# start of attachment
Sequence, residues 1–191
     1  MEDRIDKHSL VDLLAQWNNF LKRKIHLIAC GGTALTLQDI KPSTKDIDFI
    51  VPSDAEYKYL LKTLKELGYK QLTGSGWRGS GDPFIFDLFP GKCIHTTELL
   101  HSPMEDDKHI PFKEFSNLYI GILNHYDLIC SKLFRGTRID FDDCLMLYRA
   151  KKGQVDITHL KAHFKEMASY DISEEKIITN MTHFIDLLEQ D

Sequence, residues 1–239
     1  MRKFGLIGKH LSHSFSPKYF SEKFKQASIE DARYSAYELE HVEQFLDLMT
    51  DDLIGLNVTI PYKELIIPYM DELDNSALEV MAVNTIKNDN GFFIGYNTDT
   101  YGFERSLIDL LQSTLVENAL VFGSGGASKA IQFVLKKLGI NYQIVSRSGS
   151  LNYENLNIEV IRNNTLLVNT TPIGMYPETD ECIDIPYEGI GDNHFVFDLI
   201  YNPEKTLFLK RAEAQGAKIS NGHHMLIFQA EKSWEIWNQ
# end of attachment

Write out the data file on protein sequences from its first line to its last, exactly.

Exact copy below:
Sequence, residues 1–191
     1  MEDRIDKHSL VDLLAQWNNF LKRKIHLIAC GGTALTLQDI KPSTKDIDFI
    51  VPSDAEYKYL LKTLKELGYK QLTGSGWRGS GDPFIFDLFP GKCIHTTELL
   101  HSPMEDDKHI PFKEFSNLYI GILNHYDLIC SKLFRGTRID FDDCLMLYRA
   151  KKGQVDITHL KAHFKEMASY DISEEKIITN MTHFIDLLEQ D

Sequence, residues 1–239
     1  MRKFGLIGKH LSHSFSPKYF SEKFKQASIE DARYSAYELE HVEQFLDLMT
    51  DDLIGLNVTI PYKELIIPYM DELDNSALEV MAVNTIKNDN GFFIGYNTDT
   101  YGFERSLIDL LQSTLVENAL VFGSGGASKA IQFVLKKLGI NYQIVSRSGS
   151  LNYENLNIEV IRNNTLLVNT TPIGMYPETD ECIDIPYEGI GDNHFVFDLI
   201  YNPEKTLFLK RAEAQGAKIS NGHHMLIFQA EKSWEIWNQ